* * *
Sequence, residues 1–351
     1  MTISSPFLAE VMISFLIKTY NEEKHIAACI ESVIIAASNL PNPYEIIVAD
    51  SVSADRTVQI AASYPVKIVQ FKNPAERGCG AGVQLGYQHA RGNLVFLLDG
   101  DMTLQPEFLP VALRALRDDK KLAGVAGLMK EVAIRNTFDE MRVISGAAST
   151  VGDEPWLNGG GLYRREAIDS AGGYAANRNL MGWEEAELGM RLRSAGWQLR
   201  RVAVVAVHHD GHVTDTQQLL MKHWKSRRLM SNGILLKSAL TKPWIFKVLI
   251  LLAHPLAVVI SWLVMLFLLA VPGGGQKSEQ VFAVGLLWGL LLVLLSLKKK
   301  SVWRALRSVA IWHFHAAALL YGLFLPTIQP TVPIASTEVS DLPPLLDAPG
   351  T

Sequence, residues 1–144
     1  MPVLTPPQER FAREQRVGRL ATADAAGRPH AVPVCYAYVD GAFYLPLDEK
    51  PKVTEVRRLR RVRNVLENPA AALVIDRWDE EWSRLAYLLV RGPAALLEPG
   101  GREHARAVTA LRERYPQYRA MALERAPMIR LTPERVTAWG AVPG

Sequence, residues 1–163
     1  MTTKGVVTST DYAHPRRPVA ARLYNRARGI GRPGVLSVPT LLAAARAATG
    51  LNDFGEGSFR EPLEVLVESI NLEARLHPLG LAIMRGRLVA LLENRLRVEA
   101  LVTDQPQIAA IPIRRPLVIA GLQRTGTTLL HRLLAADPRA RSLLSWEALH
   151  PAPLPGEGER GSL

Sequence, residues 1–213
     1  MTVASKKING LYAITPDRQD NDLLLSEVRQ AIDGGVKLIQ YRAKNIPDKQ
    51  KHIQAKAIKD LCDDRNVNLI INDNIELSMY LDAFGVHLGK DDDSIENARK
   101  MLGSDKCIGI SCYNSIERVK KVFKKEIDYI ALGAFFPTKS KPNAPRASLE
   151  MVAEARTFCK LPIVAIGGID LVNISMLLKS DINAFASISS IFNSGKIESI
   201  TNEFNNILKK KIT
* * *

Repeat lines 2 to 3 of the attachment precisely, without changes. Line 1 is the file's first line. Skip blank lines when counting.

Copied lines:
     1  MTISSPFLAE VMISFLIKTY NEEKHIAACI ESVIIAASNL PNPYEIIVAD
    51  SVSADRTVQI AASYPVKIVQ FKNPAERGCG AGVQLGYQHA RGNLVFLLDG